A few years ago, a close family member was to have a major surgery. In our search for surgeons and hospitals, one important factor we considered was safety records. The Leapfrog Group, a U.S. national nonprofit organization focused on measuring hospitals’ patient safety record, compiles data from nearly 2,000 hospitals. Hospitals are graded on their safety performance based on a composite of metrics, for both process and outcome. Process measurements relate to the efforts hospitals make to enhance safety: handwashing practices, systems for preventing medication mistakes, communication among medical staff, etc. Outcome measures actual safety events: infections, surgical errors, patient falls, etc. As family members of a patient, we realized that outcome was much more important to us than process: We were far more concerned about the risk of infection than about how the hospital gets its staff to wash their hands.
The focus on outcome is what typically drives performance: Athletes do not win medals for their hours of training, but for their performance at races; marketing departments are not credited for how many mailers they send, but on the amount of incremental sales increase resulting from the campaigns; recovery from addiction is not measured by the number of therapy sessions, but by the continuity of sobriety.
In the area of corporate compliance, however, the focus has remained on process, not outcome.
“We trained 95 percent of our employees on compliance.” (But we didn’t know if they learned anything.)
“Our CEO always says ‘do the right thing’!” (But we don’t know if anyone believes him/her, or understands what “do the right thing” even means.)
“We conduct due diligence checks on third parties.” (But we do not monitor their activities to know what they are doing on our behalf.)
The Evaluation of Corporate Compliance Programs, published by the Fraud Section in the Criminal Division of the Department of Justice, has taken the first steps toward asking outcome-based questions: How has the company measured the effectiveness of the training? Has the third-party due diligence ever identified red flags? How has the compliance program been audited and tested? The journey toward true outcome-based measurements, however, still very much continues ahead for corporate compliance professionals. Below are some next steps we might be able take.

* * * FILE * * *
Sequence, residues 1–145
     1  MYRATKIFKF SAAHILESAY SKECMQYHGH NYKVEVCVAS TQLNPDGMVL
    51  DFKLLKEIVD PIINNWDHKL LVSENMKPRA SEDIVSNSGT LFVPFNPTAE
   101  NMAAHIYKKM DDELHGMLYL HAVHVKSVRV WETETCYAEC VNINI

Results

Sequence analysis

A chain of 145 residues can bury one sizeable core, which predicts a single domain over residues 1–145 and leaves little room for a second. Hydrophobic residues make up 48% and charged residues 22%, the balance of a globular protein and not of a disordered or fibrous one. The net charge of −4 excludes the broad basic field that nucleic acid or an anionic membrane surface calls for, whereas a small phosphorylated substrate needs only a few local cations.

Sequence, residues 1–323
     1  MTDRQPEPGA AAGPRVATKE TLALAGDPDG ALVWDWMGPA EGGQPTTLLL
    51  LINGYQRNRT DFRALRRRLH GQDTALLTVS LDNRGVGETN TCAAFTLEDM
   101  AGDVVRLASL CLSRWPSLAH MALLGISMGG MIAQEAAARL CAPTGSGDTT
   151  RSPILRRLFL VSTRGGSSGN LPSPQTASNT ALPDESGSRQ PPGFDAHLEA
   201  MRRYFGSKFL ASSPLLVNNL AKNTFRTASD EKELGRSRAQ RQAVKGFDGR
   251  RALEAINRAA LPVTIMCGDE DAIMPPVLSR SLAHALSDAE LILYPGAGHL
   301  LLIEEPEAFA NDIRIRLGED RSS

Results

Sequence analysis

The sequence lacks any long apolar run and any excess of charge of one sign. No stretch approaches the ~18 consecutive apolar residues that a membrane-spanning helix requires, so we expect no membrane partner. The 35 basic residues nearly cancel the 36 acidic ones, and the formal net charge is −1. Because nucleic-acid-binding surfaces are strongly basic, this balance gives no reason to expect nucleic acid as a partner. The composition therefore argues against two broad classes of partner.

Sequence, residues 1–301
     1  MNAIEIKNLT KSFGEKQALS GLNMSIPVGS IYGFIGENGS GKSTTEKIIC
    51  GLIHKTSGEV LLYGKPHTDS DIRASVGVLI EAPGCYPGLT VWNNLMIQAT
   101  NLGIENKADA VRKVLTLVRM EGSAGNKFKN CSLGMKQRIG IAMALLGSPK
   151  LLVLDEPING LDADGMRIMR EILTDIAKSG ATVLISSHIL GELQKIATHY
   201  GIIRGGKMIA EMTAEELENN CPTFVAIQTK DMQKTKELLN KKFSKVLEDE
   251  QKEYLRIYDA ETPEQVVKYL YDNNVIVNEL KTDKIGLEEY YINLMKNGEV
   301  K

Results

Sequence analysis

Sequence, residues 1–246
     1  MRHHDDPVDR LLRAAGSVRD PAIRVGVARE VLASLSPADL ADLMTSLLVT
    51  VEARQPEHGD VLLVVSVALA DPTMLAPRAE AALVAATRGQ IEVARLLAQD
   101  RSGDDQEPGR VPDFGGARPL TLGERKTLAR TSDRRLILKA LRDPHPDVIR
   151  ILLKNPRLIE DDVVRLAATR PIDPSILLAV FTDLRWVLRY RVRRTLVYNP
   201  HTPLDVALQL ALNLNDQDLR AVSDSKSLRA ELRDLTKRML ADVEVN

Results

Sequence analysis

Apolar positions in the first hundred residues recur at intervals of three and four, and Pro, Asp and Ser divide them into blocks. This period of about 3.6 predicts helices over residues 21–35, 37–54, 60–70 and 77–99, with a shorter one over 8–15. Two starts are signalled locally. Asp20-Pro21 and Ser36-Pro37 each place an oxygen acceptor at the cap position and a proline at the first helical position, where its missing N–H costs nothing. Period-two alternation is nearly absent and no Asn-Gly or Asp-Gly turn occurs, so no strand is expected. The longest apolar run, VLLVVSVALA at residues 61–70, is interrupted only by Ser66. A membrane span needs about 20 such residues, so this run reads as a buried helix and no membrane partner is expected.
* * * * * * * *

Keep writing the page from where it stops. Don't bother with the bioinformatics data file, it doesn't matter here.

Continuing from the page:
Measuring “Tone from the Top”
The outcome of interest here is the tone—culture—of the organization, and the mention of the “top” is based on the belief in the leadership’s role in setting that tone. The prevailing measurements of the number and types of pro-compliance messages uttered by management is somewhat akin to measuring calorie intake by counting calories only when one eats vegetables. At best, such measurements reflect a biased view of tone at the top. An outcome measure, instead, would focus on measuring the culture of the organization, including how leadership commitments are perceived and understood. Credible culture and perception measurements, however, would require much greater rigor than most of the surveys I have seen, which often suffer from vagueness, leading questions, and common self-reporting biases.
Measuring Training Through Behavior, not Entertainment
There has been some shift from measuring attendance rate to measuring how “engaged” the training is. While this is a step in the right direction, “engaged” is often confused with “entertained.” As one practitioner has astutely noted: “[P]eople do not need to do anything differently after consuming entertainment…Compliance training, on the other hand, is a waste of time unless people do something differently afterwards.”
Training is about teaching skills and changing behavior: What needs to be measured, then, are the use of skills and change in behavior.
Measuring Controls As Filters—What “Contaminants” are Getting Past?
I have seen many companies count how many financial or process controls they have, but few count how many control failures there are. Financial and process controls act as filters: Their purpose is to block out the prohibited transactions. When I buy a water filter system, I am less interested in what mechanisms go into the filter system than I am in how many contaminants slip through the system. The outcome measure for the effectiveness of controls, therefore, is the percentage of contaminated transactions that have evaded the controls. Rigorous and continuous audits and monitoring, therefore, are likely the most appropriate measurements.
Ultimately, the outcome of any corporate compliance program is its ability to prevent and detect specific types of misconducts. In that, it is no different from other prevention and detection industries and professions such as public health, safety, and crime prevention. Each of those industries have developed outcome metrics to measure their performance, and may offer valuable lessons for corporate compliance to guide us on our journey towards outcome-based measurements.
Hui Chen (www.HuiChenEthics.com) was the Justice Department’s first-ever compliance counsel expert before leaving in June 2017 to start her own private compliance consulting service. Before she joined the DOJ, Hui served in global senior compliance lead positions at Microsoft, Pfizer, and Standard Chartered Bank.
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